The coronavirus pandemic has turned frontline NHS staff into national heroes. 

But the shopworkers who man the tills or stack the shelves at supermarkets are also playing a key part in keeping the country going during the Covid-19 outbreak. 

Now an Asda employee has spoken out to reveal the fear and confusion experienced by people working to feed us during the crisis.

The Scottish man, who we are not naming, told us he was worried that fellow employees and customers might not be following safety guidelines drawn up to stop the virus spreading.

"It feels like working-class people are being hung out to dry," he said. 

"We listen to the radio and know that we have to stand two metres away from each other and wash your hands.

"I have to open several doors to enter the shop floor - and I've seen people just pushing them with bare hands. Then we have to swipe in using a touchscreen - which people have also touched with their bare hands. 

"I have to brush past colleagues on the stairs and customers in the aisles. Some of them have just been standing and talking face to face.

"There are rules for staff to follow, but how do we police customers?"

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The anonymous employee showed us a briefing document given to Asda employees. 

It was compiled by the GMB union and contained one piece of information which concerned him.

"We were told that coronavirus could not be spread by food or packaging," he said.

"But is that misleading?"

Recent scientific research tells a different story. 

In a coronavirus briefing document published online, Harvard University wrote: "A recent study found that the COVID-19 coronavirus can survive up to four hours on copper, up to 24 hours on cardboard, and up to two to three days on plastic and stainless steel.

"The researchers also found that this virus can hang out as droplets in the air for up to three hours before they fall. But most often they will fall more quickly. "

We asked Asda why a document given to staff claimed it was "very unlikely [the virus] can be spread through things like packages or food".

It told us this was advice published by the NHS.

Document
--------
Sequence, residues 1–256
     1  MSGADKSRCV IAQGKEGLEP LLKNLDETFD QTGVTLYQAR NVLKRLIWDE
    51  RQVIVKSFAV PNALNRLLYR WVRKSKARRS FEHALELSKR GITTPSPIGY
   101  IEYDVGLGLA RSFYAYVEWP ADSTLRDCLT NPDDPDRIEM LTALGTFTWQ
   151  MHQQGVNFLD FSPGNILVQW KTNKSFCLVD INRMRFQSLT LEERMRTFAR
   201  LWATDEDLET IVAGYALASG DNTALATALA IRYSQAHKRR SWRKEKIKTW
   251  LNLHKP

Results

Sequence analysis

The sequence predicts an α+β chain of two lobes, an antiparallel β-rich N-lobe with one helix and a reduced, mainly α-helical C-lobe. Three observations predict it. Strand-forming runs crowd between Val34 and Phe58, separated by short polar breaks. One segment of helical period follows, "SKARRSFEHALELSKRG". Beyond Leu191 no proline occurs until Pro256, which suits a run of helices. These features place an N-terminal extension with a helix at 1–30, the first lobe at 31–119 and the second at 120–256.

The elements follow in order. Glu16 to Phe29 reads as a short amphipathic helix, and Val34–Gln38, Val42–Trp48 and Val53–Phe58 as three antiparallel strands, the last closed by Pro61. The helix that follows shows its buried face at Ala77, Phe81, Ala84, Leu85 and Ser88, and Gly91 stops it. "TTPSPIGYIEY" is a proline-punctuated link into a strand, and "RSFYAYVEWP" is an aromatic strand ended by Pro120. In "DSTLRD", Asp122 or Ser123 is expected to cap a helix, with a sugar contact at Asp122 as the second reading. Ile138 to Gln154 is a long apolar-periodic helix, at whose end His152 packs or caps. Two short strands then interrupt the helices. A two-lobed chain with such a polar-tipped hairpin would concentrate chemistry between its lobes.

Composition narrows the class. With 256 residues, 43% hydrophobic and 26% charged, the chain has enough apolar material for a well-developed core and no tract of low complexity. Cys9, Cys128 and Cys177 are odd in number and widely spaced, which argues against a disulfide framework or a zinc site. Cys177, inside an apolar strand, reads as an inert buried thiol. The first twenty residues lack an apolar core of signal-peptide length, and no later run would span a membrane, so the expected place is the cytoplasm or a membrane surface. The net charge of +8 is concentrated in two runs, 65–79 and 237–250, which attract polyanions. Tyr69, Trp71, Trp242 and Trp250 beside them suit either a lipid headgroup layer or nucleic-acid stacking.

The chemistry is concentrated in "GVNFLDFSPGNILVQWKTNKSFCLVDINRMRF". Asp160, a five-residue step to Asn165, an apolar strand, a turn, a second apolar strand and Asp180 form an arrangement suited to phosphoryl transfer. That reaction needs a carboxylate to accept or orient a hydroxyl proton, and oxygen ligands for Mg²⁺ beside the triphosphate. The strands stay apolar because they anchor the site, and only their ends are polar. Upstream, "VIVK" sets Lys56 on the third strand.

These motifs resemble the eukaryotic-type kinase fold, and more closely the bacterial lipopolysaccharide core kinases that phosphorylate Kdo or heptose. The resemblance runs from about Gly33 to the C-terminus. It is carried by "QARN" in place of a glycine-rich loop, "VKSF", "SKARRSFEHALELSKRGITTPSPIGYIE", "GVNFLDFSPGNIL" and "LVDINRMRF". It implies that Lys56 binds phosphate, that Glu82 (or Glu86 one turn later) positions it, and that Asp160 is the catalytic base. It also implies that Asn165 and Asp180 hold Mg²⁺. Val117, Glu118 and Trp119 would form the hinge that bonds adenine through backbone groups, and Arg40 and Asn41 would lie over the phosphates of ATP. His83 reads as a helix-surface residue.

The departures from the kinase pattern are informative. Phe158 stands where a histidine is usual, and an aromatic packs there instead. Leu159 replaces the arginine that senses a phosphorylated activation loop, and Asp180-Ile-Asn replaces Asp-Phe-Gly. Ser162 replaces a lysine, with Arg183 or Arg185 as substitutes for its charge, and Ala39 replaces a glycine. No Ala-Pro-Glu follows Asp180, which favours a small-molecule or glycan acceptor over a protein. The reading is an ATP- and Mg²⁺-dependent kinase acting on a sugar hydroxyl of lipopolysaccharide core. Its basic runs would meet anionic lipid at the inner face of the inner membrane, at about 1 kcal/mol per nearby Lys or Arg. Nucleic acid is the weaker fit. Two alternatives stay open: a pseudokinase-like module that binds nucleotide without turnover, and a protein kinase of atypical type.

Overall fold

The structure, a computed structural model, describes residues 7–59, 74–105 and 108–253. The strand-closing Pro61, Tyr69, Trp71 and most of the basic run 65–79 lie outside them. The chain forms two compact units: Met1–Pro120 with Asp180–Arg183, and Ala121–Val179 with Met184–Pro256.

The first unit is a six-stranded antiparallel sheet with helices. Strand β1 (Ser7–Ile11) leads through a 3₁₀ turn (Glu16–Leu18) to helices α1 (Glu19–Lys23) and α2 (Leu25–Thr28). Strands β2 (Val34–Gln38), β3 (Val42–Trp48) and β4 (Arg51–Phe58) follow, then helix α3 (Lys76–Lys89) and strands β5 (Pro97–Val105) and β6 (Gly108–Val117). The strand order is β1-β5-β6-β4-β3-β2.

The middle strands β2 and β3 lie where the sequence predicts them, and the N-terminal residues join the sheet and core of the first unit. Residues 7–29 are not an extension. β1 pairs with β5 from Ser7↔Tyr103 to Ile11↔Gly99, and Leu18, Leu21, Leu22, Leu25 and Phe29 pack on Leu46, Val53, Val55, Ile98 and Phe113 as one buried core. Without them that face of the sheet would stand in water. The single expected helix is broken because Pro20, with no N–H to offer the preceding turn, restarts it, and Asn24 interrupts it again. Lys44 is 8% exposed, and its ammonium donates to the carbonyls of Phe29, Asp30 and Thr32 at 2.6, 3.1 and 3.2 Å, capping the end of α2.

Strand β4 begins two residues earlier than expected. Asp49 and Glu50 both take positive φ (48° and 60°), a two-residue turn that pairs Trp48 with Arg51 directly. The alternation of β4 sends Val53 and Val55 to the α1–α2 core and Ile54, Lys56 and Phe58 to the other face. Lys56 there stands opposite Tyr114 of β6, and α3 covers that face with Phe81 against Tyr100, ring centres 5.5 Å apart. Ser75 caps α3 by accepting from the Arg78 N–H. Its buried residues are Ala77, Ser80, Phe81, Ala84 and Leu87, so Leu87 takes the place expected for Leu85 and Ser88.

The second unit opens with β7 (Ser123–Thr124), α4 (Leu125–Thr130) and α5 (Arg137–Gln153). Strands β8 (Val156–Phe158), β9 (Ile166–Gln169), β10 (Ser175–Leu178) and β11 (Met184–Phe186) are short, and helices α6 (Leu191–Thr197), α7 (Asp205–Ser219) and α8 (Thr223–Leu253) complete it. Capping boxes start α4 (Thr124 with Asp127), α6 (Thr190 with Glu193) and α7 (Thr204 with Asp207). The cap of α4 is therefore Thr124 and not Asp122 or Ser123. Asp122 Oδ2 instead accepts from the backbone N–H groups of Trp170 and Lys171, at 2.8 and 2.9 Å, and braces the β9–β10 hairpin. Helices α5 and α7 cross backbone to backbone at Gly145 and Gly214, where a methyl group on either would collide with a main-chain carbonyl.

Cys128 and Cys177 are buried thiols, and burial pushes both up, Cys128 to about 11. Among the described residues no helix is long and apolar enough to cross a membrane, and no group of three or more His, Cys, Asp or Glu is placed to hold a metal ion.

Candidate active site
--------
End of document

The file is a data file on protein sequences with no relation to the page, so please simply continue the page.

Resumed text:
So we asked the NHS where it got this information - and it said Public Health England. 

GMB Union said nothing and did not respond to our questions. 

We also asked the union if had concerns about the staff working at Asda, but it didn't give us an answer. 

"I'm starting to think that no-one cares about supermarket workers," the anonymous worker said. 

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Asda has just announced a series of safety measures, saying it will introduce floor markers and directional barriers to help customers keep their distance, and will install perspex screens at its checkouts.

Hand sanitiser will be available for customers to use when entering and departing.

In an email to staff seen by The Herald, Asda said it has also "committed to pay vulnerable colleagues who are forced to self-isolate for the 12 week period recommended by government guidelines". 

We have also seen a letter written by chief executive Roger Burnley which said: "You don’t need me to tell you that the last week has been unlike any we have experienced in all of our years in retail.

"The demands on supermarkets and the extraordinary change in our customers’ shopping behaviour have been – and continue to be – truly incredible.

"All of us, wherever we work in our great business, have had to change the way we work and respond quickly to these changes.

"I do not underestimate how hard it has been, and continues to be: I’m so admiring of the attitude and spirit with which you’re approaching the vital role you are all playing in society at the moment, but equally, the pressures you are under are constantly on my mind."  

Shops selling “non-essential” goods were ordered to close earlier this week as Boris Johnson took dramatic steps to combat the spread of Covid-19.

The draconian measures will be in place for at least three weeks and will also see the closure of libraries, playgrounds and outdoor gyms, and places of worship.

The Prime Minister said people should not be going shopping except for essentials such as food and medicine.